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JULY 1999 | VOL. 3, NO. 7





MELISSA SPEIGHTS, who was born and raised in Texas, sees writing as a way of guiding, inspiring and teaching. She is a contributing writer to Renaissance Online Magazine.


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Don't Overlook Us
Short people are real people too


Shrimp, runt, dwarf, and midget are just a few names that, like myself, people of short stature often hear.

So many people in today's society insult those of us who are not as fortunate as others when it comes to being "normal."

High school is the worst place for showing this type of prejudice. This is probably because teens are not mature enough to handle the fact that people can be shorter than them. They would much rather have the urge of blasting out "Maybe if we trip her she will grow." The most commonly used phrase I often heard at school is "Are your parents midgets too, or were you adopted?" Such remarks, surprisingly enough, can hurt. I may not show it at first, or even fight back. But, deep down inside I was crying out for help.

I have learned from much experience that students are not the only ones guilty of this, but teachers are too. Sure, they may not mean it, but they can slip too, and it is always noticed. A simple "Please stand up when you are told," when I am already standing up ruins my day. Sure, it might have been an accident, the first time, but when they keep repeating it over and over embarrassing you to death. Well then, the teacher needs to stand back, rethink his actions and apologize. In my case, the teacher just smugly laughed it off as if nothing wrong had just occurred. But, to me, my day was completely ruined. That teacher should have rightly apologized and set an example for the rest of the class. But, now all eyes were on me and my short stature.

Of course these situations do not only arise at school. Public places often stir things up a bit as well. Little kids and their parents rank right up as being quite inconsiderate to those of us who are not of "normal" height. It is not necessarily the child's fault, but the parents' responsibility. They are supposed to teach their child not to stare or to call us names regarding our height.

After all, I go shopping at the mall or got to the movies just to relax and have a good time like everyone else does. I most certainly do not go there to be stared at by small kids and to hear a child telling their mother "I am taller than her" or "Hey, look at her mommy, is she a little girl like me?". My favorite is when the child comes right up to me in a store while I am in line and put their hand to their head and measure their height to mine, thinking I cannot see them. At first, I stare at the child thinking they better back away before I become upset. Then I realize that the child is not the guilty party here; the parents are for not correcting their child. But, what hurts even worse is when the parents do not even try stop their child's actions or apologize for what just happened. Since those parents do not realize this, it hurts. The parents of these children should acknowledge this and share it with their children and other mothers on how to handle this delicate situation. I do not want to be passed by like an inanimate object. Please do not give me that cold glare as if I were the one making the comments. It hurts to see my feelings being ignored like this. I am a human too.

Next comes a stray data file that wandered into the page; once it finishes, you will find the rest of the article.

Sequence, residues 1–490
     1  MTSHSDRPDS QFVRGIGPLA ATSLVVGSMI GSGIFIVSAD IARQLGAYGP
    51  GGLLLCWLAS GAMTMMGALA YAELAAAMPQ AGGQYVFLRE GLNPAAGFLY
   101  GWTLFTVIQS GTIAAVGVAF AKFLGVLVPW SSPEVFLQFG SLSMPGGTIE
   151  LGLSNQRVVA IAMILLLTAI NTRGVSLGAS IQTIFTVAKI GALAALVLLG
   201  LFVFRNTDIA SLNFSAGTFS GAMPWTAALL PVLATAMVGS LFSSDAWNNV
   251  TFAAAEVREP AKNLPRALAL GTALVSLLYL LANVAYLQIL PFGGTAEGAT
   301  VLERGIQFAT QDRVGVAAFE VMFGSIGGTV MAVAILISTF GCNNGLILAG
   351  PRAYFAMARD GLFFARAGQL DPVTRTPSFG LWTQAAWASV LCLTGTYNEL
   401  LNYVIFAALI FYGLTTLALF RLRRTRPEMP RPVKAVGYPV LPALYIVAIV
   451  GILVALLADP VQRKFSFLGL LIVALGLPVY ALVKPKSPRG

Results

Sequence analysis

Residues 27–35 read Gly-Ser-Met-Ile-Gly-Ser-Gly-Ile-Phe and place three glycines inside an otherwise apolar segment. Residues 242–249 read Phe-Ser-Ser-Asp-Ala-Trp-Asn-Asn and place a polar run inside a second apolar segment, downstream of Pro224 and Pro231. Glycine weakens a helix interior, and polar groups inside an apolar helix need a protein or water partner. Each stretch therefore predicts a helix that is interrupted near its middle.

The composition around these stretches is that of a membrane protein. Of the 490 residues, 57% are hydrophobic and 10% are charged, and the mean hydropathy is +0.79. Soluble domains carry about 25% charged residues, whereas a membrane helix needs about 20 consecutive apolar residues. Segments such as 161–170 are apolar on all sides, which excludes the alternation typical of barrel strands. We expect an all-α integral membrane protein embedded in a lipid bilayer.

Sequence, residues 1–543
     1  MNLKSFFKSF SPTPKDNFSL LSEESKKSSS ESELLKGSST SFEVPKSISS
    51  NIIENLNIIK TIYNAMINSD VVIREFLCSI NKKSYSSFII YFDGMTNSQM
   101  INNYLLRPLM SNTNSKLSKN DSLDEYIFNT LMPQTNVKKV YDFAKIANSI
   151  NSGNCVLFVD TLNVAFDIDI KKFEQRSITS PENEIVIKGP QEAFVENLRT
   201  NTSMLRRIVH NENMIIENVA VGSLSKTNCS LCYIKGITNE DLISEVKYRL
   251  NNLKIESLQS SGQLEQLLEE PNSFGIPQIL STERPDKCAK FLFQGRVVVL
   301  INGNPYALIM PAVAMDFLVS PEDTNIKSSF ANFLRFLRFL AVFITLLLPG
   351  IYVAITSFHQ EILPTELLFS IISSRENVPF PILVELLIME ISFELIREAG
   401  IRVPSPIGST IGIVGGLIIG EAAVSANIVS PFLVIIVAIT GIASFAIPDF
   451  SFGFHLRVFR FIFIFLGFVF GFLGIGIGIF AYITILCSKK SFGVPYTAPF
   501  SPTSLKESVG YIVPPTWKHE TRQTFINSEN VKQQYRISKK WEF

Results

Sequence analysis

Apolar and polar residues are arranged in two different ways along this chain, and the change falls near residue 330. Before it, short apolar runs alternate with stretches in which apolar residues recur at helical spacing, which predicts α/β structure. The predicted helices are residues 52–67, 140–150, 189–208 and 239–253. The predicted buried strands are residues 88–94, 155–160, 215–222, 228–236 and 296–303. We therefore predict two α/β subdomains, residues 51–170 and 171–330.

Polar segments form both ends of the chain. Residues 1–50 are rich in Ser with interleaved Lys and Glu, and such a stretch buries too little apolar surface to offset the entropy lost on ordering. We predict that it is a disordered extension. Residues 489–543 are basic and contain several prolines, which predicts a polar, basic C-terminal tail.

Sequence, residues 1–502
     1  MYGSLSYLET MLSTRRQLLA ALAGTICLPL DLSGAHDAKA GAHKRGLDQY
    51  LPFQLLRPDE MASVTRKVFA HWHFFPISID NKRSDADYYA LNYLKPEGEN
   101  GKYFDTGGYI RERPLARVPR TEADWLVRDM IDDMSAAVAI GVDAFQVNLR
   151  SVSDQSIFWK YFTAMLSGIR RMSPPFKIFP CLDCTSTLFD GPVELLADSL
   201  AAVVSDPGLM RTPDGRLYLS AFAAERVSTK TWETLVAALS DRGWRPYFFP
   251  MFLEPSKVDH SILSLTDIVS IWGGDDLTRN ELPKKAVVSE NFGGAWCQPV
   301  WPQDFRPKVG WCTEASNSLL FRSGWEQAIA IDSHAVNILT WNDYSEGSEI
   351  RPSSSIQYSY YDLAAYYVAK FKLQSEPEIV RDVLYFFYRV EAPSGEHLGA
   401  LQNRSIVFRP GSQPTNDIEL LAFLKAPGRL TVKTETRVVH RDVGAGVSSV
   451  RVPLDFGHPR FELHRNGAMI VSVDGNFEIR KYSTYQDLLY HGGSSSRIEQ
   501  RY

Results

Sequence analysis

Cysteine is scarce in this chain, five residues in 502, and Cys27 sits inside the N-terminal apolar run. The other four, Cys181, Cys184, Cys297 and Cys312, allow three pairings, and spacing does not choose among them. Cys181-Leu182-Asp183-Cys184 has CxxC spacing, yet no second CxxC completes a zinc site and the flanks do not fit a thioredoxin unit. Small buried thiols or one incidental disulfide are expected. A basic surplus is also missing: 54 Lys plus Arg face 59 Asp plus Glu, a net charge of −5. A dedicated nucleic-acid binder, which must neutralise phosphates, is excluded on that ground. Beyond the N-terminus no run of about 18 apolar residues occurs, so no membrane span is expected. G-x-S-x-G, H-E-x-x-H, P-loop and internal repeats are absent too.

However, adults can also be just as thoughtless when it comes to dealing with people who are short. Often they pity us, or feel sorry for us. Why? We are not handicapped or disabled. We are not mentally challenged. They may not realize it, but we small people do not need to felt sorry for, or pitied. What we need is support. Sure small people are not the only ones who get this kind of treatment, but we are the ones most commonly overlooked. Too often you hear of prejudices being geared towards those with major disabilities, or of race or religion, but not because of stature. But the reality is, that short people are commonly and often looked at or gawked at and seen differently just because of an appearance.

[ MORE: small person stigma ]

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